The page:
An Edmonton woman fears she will die before she receives cancer treatment because she has been told the medical system is too busy to help her.
Debra Williams went to the Grey Nuns Community Hospital in late November due to intense abdominal pain.
She said there were repeated problems with her care in hospital. It took multiple tries to get a sample for the biopsy, then the results were delayed. A drainage tube wasn’t put in properly, so she was in “excruciating” pain for much of her time there.
On Dec. 18, Williams received a diagnosis of cholangiocarcinoma, a form of cancer that forms in the bile ducts.
“She should have been out of the hospital within a week,” said family friend Lori Harsh. “I felt it was mismanaged.
“After a month of being in hospital and being in bed, she’s so much weaker and she’s gone downhill.”
Global News reached out to Alberta Health Services for comment on Williams’ situation. Harsh said shortly after, she got a call from AHS patient relations who said they will follow up on Williams’ case and make recommendations based on her account of the medical treatment she received.
Despite positive experiences with her nursing team, Williams felt that her overall treatment was centred around how quickly staff could free up her hospital bed to accommodate someone else.
Harsh has been helping Williams with her homecare needs since being discharged on Dec. 27. She tried to book an appointment with her family doctor but is not able to get in for an appointment until the end of January.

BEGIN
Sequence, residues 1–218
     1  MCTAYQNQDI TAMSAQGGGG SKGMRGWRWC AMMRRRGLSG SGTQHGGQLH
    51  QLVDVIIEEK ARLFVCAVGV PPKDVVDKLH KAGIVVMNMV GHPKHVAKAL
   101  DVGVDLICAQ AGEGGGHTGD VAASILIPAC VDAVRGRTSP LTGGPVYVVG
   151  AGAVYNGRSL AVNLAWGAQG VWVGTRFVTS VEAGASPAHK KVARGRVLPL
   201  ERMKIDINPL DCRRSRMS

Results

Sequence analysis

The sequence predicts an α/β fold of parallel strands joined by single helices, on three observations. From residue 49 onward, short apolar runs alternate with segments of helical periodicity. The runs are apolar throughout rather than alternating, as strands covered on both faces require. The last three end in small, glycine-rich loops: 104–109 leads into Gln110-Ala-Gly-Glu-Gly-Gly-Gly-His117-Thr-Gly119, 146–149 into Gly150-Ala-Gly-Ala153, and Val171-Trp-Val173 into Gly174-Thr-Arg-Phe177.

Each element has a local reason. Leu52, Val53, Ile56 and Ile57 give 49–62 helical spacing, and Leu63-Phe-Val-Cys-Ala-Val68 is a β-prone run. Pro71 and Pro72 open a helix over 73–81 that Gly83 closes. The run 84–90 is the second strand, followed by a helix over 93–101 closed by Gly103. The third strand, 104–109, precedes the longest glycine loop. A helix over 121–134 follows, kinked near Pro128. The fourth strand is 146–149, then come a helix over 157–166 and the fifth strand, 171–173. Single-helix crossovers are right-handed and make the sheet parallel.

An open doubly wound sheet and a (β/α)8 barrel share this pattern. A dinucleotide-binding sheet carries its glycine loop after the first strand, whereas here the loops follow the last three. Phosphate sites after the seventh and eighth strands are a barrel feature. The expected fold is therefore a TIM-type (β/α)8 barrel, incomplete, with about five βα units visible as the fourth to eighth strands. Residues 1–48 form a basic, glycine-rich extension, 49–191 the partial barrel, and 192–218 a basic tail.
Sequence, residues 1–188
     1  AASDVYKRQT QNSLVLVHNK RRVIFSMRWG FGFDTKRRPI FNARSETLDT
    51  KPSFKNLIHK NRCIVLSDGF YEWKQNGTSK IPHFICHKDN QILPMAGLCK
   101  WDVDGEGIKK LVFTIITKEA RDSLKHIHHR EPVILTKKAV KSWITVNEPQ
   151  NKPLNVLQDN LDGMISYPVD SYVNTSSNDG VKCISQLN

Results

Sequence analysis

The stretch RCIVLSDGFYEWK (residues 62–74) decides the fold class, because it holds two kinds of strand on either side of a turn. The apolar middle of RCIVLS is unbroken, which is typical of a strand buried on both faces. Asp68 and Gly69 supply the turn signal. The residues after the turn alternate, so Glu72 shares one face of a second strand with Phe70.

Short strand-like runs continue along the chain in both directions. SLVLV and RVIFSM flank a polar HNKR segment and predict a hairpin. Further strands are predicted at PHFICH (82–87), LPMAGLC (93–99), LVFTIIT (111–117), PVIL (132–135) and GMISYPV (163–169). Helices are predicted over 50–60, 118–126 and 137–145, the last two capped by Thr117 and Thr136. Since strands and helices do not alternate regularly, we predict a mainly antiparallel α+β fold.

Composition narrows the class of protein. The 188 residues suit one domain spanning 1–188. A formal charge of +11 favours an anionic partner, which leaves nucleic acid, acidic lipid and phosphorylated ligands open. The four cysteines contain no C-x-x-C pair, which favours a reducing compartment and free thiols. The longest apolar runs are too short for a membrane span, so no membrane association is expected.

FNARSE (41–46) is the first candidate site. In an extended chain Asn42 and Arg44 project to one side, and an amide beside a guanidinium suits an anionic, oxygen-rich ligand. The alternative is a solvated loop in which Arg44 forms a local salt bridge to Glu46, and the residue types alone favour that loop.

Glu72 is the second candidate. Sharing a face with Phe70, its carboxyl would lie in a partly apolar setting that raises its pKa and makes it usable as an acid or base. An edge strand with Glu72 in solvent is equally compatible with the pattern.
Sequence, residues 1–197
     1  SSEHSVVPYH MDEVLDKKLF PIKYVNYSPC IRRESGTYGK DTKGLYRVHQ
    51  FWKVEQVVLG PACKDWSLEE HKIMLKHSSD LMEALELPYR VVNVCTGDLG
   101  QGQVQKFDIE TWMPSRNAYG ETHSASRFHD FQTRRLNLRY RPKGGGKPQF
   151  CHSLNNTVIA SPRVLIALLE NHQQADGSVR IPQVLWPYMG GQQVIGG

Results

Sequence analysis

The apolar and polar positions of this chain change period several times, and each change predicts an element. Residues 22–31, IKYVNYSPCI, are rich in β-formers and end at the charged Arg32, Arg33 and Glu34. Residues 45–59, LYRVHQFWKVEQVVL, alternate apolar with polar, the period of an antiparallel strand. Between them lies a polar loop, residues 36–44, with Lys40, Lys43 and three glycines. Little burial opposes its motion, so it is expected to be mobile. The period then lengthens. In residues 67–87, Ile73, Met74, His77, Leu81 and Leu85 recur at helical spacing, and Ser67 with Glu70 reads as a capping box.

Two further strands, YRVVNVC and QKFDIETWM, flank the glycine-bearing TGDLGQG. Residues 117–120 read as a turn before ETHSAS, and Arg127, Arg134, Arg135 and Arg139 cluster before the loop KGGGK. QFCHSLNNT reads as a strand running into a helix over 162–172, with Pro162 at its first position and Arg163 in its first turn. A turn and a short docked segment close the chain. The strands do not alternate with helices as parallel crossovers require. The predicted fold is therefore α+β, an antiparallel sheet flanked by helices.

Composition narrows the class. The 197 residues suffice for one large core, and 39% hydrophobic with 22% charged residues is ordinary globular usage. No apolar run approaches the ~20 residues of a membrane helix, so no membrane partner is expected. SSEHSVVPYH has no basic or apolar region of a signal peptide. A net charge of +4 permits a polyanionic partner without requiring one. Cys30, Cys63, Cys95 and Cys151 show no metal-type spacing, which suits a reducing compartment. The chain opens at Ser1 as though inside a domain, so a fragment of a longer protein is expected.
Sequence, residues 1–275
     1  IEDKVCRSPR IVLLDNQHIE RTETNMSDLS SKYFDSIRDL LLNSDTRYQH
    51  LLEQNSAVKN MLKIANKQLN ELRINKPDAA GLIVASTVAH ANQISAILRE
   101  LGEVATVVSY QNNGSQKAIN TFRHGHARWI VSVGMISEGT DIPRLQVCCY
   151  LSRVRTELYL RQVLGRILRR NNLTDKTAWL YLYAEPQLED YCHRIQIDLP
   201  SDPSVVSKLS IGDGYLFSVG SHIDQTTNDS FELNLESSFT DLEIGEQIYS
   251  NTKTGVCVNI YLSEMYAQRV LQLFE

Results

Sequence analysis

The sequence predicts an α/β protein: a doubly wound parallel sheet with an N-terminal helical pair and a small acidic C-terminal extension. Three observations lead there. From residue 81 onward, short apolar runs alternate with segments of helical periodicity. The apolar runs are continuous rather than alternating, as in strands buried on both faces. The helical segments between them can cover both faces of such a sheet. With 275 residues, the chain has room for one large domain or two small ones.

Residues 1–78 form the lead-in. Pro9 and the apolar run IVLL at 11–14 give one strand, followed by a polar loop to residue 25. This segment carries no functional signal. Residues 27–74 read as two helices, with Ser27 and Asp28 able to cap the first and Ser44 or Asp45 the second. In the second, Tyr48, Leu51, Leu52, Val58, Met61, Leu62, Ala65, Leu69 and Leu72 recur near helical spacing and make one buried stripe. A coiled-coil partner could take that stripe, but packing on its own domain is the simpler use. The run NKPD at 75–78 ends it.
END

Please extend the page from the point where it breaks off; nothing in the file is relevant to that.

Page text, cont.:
“I would like to know where I’m at (with my diagnosis)… what I’ve got time for,” Williams said through tears.
“We need information. What is the state of her cancer? Is there a treatment available for it? We have no answers other than, ‘You have cancer,'” Harsh said.
Once she got home, Williams said the Cross Cancer Institute advised her that it would be another eight weeks before she could see an oncologist because they were “backed up.” Global News is awaiting comment from AHS on this matter as well.
“We’ve been informed that (her) cancer is quite progressive,” Harsh said.
“I don’t even know that she will make it to the time to get to even see an oncologist.”
A homecare worker is coming once a day to clean Williams’ drainage tube. She is waiting for an emergency placement to a palliative care unit in order to receive more complex care while she waits for an oncologist. However, her homecare doctor told her that AHS advised there is no bed for her right now.
Harsh said she will take care of her friend for the foreseeable future.
“My fear is that throughout all of this, before (she) even receives any medical care, she won’t be here anymore,” Harsh said. “She deserves better. She is stuck in medical limbo.”
“I just need things to progress a lot quicker than they do, for everybody,” Williams said.